mRNA COVID-19 Vaccines: An Incredible Feat of Genomic Technology

Posted on by Joanne Cono, W. David Dotson, Ridgely Fisk Green, and Muin J. Khoury, Office of Science, Centers for Disease Control and Prevention

Synthetic viral mRNA tells cells to make spike protein which is being injected. The Spike protein triggers immune response to protect you from COVID-19In December 2020, less than a year after the SARS-CoV-2 virus was identified, two COVID-19 vaccines manufactured by Pfizer-BioNTech and Moderna were approved for use in the United States under an Emergency Use Authorization by the U.S. Food and Drug Administration (FDA). Never has a U.S. vaccine been developed so quickly, and genome technology made it possible.

Both vaccines use laboratory-produced messenger RNA (mRNA) as the active ingredient. mRNA contains the chemical instructions that ribosomes, the protein-making machinery in cells, use to make proteins. Vaccine mRNA is non-infectious and is broken down quickly in the body. It does not become part of the cell or affect a person’s genes or DNA.

Using the genetic code of the SARS-CoV-2 virus, vaccine manufacturers developed mRNA that instructs ribosomes to produce the spike protein of the SARS-CoV-2 virus. The spike protein acts as the antigen that the immune system recognizes as a foreign “invader,” prompting a safe and protective immune response. This response can cause mild side effects, which most commonly include pain, redness, or swelling at the vaccination site, and fever, chills, tiredness, or headache. These side effects are normal signs that the immune system is responding to the vaccine, thus the vaccine is working as intended. Each vaccine is approved as a 2 dose series; the Pfizer vaccine was shown to be 95% efficacious in Phase III clinical trials and the Moderna vaccine, 94.1%.

What’s different about mRNA vaccines?

Traditional vaccines against viruses contain portions of the virus that have been altered in some way so they cannot cause infection. Some contain live virus that has been weakened or attenuated; some contain inactivated or killed virus. Some contain only a portion of the virus that is insufficient to cause disease. While these vaccines effectively provoke an immune response and confer protection, developing and manufacturing them is time-consuming, labor-intensive, and expensive. Traditional vaccines often take years to develop and produce, which is not practical in emergency situations like the current COVID-19 pandemic.

In comparison, mRNA vaccines can be more quickly generated in the laboratory using the genetic sequences for selected pathogen proteins. The mRNA vaccine manufacturing process is more easily scaled up to produce large volumes of vaccine. And mRNA technology is more quickly adaptable should there ever be a need to reformulate a vaccine against virus variants that could develop.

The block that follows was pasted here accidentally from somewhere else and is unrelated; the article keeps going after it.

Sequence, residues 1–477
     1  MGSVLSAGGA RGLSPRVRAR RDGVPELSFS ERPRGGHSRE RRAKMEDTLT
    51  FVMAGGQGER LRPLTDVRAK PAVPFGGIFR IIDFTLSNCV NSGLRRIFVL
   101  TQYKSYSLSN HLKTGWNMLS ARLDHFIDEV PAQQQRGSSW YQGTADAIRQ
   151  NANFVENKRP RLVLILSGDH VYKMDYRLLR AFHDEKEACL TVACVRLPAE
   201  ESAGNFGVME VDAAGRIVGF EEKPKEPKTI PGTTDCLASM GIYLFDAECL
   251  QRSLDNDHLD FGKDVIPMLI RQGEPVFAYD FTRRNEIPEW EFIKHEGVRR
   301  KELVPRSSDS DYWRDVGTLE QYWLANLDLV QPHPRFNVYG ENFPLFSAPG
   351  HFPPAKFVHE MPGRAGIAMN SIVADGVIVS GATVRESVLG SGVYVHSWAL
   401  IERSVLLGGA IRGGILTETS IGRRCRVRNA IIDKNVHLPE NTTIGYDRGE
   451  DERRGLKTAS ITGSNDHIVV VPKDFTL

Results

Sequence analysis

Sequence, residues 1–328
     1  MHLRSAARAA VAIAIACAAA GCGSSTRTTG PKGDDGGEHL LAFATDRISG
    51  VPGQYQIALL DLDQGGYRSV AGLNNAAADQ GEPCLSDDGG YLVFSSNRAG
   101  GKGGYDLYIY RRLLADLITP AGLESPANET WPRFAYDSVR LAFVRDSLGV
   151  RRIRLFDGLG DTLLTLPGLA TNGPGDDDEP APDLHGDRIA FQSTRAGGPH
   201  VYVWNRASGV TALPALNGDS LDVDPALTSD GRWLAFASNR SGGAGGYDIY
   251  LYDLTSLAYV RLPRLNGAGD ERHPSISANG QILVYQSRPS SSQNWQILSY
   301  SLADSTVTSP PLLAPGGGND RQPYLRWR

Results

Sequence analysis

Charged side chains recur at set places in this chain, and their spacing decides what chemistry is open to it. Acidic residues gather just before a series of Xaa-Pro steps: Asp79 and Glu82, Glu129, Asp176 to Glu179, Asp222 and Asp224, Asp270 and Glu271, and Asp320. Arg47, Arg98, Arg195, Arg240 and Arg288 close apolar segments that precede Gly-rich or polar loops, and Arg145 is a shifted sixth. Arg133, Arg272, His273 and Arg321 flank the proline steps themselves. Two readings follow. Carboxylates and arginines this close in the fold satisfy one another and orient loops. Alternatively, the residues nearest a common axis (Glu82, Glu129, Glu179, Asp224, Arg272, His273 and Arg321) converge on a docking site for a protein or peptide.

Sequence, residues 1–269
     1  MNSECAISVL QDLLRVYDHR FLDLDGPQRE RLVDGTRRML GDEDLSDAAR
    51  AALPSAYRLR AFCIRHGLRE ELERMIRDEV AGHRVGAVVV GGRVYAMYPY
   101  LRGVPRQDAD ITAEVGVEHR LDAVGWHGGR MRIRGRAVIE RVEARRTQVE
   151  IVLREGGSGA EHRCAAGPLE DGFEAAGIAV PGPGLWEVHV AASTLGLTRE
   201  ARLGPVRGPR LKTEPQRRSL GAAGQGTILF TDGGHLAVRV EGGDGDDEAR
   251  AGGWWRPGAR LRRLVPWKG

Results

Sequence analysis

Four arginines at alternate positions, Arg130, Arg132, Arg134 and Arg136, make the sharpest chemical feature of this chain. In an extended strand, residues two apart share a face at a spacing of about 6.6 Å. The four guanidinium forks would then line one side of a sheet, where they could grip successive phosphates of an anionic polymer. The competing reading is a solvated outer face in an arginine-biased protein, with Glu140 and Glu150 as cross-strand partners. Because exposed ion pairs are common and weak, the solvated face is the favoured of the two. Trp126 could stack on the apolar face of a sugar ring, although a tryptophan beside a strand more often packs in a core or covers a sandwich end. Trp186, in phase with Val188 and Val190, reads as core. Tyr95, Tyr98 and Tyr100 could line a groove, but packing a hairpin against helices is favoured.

First proposed in 1989, mRNA vaccines have been studied for years, with several ongoing clinical trials using mRNA vaccines for cancer and viral diseases, including rabies, influenza, and Zika. They are also being studied for use as possible treatments for chronic diseases, heart failure, and cystic fibrosis.

Ongoing challenges of using mRNA vaccines

For vaccine mRNA to deliver the instructions for making the spike protein, it needs to be able to enter the cells so that the protein-making machinery can access it. In the case of the current COVID-19 mRNA vaccines, this is accomplished by packaging the mRNA into lipid nanoparticles (LNP), which temporarily protect the mRNA from breaking down. LNP include lipids, phospholipids, cholesterol and polyethylene glycol (PEG), which increases LNP stability. Though the cause is not yet known, recent reports indicate that in rare cases COVID-19 recipients have experienced anaphylaxis. For this reason, CDC recommends that people who have had a severe or immediate reaction to the vaccine, any ingredient in the vaccine, or to polysorbate (which is closely  related to PEG) not receive the mRNA vaccines. Additional information about precautions and contraindications for vaccination with mRNA vaccine is available at: https://www.cdc.gov/vaccines/covid-19/info-by-product/clinical-considerations.html

An emerging concern is the possible impact of new SARS-CoV-2 variants (for example, the variants first identified in the United Kingdom, South Africa, and Brazil) on mRNA vaccine effectiveness. Scientists are working to learn more about these variants; to better understand how easily they might be transmitted and how effective the current vaccines are against them. New information about the epidemiologic and clinical characteristics of these variants is emerging rapidly. It remains unclear whether these mutations will seriously reduce vaccine efficacy. It is likely that future formulations of mRNA vaccines will need to be adjusted to accommodate key gene sequence changes present in the new variants.

mRNA vaccines offer new hope for containing the COVID-19 pandemic and represent an incredible achievement in the application of genomic technology in medicine and public health.

Posted on by Joanne Cono, W. David Dotson, Ridgely Fisk Green, and Muin J. Khoury, Office of Science, Centers for Disease Control and PreventionTags ,

2 comments on “mRNA COVID-19 Vaccines: An Incredible Feat of Genomic Technology”

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    The technology allowing quick adaptability in case of need for reformulation against new variants seems a key advantage to prevent transmissions reach an endemic state or seasonality later after ending the pandemic.

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Page last reviewed: March 8, 2021
Page last updated: March 8, 2021